Above all, we want a strategy that embodies the church’s core mission, not anyone’s personal agenda. We’re not inventing a different mission for the church but expressing our timeless mission in language that enables every person, parish, and ministry to contribute more proactively. Accordingly, what follows is nothing more (or less) than a reflection of Jesus’s core commands: “to make disciples of all nations” and to “love God with all your heart . . . [and] love your neighbor as yourself ” (Matt. 22: 37–39). Or those with a predilection for sophisticated theological terminology could map the strategy against what Pope Benedict XVI called, “the Church’s threefold responsibility: proclaiming the word of God (kerygma-martyria), celebrating the sacraments (leitourgia), and exercising the ministry of charity (diakonia)”; these three lofty ideas are broadened and translated into more accessible language.

The EASTeR project is a pathway to accomplishing all of this. We will focus on becoming a more Entrepreneurial and Accountable church that Serves all in need, Transforms the spiritual lives of its members, and Reaches out widely to engage the world around us. Entrepreneurial and Account- able; Serve, Transform, and Reach out: those five ideas can revitalize our church, if embraced both bottom-up and top-down, that is, by individual believers and by those with hierarchical authority. It’s an EASTeR strategy for an Easter people, who are filled with hope, joy, and renewed energy. us, the five pillars of our EASTeR project for church renewal.

This is the world to which the Holy Spirit calls us to minister, and we will only succeed by becoming more Spirit-led, like those early Christian leaders who adapted their rituals, language, worship styles, and organizational structure in order to engage the new cultures they encountered. Spirit-led entrepreneurs behave differently because they see opportunities where others see only problems: they see a Church abundantly blessed with gifted men and women and will imagine ways to unlock all that talent, just as that Nairobi pastor developed new roles in which Lucy, Samuel, and the other jumuiya leaders could serve the church.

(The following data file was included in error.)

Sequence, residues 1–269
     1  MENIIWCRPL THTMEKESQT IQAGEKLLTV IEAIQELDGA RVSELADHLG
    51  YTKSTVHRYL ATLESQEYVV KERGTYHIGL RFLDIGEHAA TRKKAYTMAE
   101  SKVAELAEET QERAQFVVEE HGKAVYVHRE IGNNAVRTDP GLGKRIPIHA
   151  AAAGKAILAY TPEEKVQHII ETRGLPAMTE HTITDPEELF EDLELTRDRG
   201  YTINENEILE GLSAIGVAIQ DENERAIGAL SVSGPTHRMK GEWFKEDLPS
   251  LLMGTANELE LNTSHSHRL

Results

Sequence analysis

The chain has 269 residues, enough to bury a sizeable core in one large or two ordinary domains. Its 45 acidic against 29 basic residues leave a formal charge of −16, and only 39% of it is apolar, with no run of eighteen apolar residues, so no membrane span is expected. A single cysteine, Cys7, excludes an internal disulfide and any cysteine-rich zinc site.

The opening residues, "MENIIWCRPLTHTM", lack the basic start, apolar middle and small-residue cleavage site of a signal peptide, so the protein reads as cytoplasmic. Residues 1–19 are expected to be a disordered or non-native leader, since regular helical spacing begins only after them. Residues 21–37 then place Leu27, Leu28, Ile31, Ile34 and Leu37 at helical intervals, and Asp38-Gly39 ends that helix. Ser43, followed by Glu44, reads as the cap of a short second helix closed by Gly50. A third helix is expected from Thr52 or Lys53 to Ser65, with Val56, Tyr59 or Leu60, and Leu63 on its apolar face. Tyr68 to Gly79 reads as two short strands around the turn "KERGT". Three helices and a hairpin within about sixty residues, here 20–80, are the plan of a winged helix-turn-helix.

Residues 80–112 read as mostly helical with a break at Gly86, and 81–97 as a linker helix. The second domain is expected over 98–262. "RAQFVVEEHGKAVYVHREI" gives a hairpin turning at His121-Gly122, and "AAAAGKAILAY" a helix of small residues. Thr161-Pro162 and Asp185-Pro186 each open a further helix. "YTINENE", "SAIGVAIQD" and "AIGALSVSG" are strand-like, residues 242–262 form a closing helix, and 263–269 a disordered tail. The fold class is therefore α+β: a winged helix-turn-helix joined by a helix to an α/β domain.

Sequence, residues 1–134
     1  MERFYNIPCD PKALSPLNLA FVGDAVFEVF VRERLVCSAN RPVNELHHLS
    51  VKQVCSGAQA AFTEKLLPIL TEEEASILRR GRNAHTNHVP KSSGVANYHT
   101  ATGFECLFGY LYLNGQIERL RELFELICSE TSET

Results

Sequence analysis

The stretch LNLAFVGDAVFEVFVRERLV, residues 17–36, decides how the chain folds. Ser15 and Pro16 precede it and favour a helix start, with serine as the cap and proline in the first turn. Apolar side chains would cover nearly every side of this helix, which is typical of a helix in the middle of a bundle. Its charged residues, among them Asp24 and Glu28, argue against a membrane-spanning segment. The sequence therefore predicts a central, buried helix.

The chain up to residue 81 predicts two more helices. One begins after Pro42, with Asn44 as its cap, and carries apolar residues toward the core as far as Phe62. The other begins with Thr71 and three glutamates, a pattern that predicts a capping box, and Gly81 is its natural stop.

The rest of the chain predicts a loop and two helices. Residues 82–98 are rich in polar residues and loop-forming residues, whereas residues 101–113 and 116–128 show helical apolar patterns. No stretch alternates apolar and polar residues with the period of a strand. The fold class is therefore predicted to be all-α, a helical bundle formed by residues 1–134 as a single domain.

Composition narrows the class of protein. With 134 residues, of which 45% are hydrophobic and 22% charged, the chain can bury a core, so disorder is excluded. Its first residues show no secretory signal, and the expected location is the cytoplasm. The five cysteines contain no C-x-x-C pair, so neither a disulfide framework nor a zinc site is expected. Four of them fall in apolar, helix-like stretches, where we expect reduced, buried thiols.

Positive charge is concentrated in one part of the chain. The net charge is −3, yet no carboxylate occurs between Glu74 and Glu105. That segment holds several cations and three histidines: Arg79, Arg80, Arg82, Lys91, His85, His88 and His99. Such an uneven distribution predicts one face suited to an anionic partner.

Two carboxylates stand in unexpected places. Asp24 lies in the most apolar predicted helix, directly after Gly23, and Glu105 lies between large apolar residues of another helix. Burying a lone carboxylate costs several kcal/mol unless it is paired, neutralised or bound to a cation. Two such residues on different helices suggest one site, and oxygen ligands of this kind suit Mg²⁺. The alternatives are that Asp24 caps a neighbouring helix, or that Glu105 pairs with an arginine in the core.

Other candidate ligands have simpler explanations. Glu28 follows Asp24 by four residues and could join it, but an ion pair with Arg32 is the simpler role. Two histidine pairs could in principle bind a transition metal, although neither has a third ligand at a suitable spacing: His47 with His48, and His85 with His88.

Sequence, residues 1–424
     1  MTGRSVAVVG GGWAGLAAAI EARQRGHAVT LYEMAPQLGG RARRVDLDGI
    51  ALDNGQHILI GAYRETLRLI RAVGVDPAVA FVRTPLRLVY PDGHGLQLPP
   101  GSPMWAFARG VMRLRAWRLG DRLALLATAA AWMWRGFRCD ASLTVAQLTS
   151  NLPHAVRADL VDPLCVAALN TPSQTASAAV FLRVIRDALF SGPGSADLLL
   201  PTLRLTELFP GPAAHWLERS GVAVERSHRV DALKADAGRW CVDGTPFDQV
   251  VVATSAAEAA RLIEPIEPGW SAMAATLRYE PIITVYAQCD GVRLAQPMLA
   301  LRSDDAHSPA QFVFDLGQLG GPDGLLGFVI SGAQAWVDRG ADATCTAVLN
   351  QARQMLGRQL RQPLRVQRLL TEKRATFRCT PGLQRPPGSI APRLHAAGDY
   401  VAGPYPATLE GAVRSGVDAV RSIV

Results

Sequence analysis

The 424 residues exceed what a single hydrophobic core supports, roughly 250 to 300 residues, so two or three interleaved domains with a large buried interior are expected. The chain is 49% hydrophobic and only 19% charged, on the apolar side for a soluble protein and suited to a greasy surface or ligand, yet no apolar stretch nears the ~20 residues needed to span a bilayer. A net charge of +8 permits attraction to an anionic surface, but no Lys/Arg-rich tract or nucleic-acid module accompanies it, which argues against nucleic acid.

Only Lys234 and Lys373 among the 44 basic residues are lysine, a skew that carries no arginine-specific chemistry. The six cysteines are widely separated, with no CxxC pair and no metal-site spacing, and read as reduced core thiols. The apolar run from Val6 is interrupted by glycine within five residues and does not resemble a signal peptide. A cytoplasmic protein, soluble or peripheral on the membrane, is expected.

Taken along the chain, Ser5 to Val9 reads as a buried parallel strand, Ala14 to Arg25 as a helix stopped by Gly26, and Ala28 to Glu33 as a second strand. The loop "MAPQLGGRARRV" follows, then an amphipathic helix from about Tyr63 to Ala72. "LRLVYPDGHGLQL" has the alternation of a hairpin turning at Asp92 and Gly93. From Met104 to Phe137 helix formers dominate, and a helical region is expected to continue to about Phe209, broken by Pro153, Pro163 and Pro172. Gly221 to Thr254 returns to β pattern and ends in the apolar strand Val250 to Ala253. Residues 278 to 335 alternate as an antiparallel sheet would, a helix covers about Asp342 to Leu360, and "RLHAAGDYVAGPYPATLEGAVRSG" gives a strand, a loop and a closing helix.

The word “entrepreneurial” will trigger alarm bells among some: does it imply a freelance church where religious hucksters can twist dogma to suit their ambitions and make themselves rich? I’m saying no such thing; no idea advanced in this book contravenes church teaching. But I am saying this: our mission is to lead others to an encounter with Jesus that changes them and the world, and we are not accomplishing that mission nearly as well as we can and will. To improve, we will become more nimble, exploit modern technology, express our message creatively, share information more widely, empower our laity, vary prayer and worship styles to accommodate our very diverse populations, offer meaningful spiritual growth opportunities, make better use of our talent, and, overall, be not only open to new ways of doing things but eagerly seek new approaches. Doing all that will require an entrepreneurial spirit.

To cite one example of many: my Catechism teaches, “those who are oppressed by poverty are the object of a preferential love” on the church’s part. Preferential love implies a clear commitment: how do we verify that we are living that commitment in deeds? Sure, we could point to examples, like church-run soup kitchens or a hundred other worthy efforts. But tossing off anecdotal examples is not the same as holding oneself accountable: the plural of anecdote is not data. We will therefore be more conscientious in monitoring, evaluating, and assessing how well we are fulfilling the various mandates Jesus gave us, whether our stewardship of money, our service to poor communities, or the effectiveness of our parishes in drawing members closer to the Lord.

The process of becoming a more accountable church will be uncomfortable; it will require us to ask ourselves difficult questions. We believe, for example, that the church facilitates spiritual growth through a deeper encounter with Jesus, but we don’t really know how consistently that is happening; we don’t ask ourselves or parishioners whether that’s going well or poorly, much less track our results over time. The process of doing so will not come naturally to us, but what we learn will make us a more effective, credible church.

Our church’s mission, says Vatican II, is to lead others, “to the faith, freedom, and love of Christ.” whose words make clear that our church should be a place where lives are transformed for the good, where “conversion” happens, not primarily in the sense of changing from one religious belief to another, but in line with the word’s Latin roots, which connote a turning around, or a return. If folks are on the wrong path in life, we will inspire them to “turn around” and walk in the way of the Lord. If they are already growing in faith, we will enable a turn toward even greater peace, faith, and inner joy.

We’re not currently fulfilling this part of our mission well enough. Consider, for example, that a whopping 71 percent of former Catholics in the United States who now worship elsewhere say that they left us in part because their spiritual needs were not being met. The Holy Spirit is surely speaking to us through that damning statistic. Let’s commit to transforming our church into one where transformation happens.

Enough of all that. Pope Francis called for a more joyful church, and this strategy invites talented Christians to wield their gifts joyfully and to have some fun along the way. Like all good strategies, this one can be supercharged by “top-down” leadership, as bishops and others in authority embrace and disseminate it. But our strategy doesn’t depend solely on top-down leadership; no one gatekeeper will derail the movement to renew our church. Rather, every Catholic and every Catholic ministry can discuss these ideas and conceive of ways to implement them, without waiting for instructions from “headquarters.”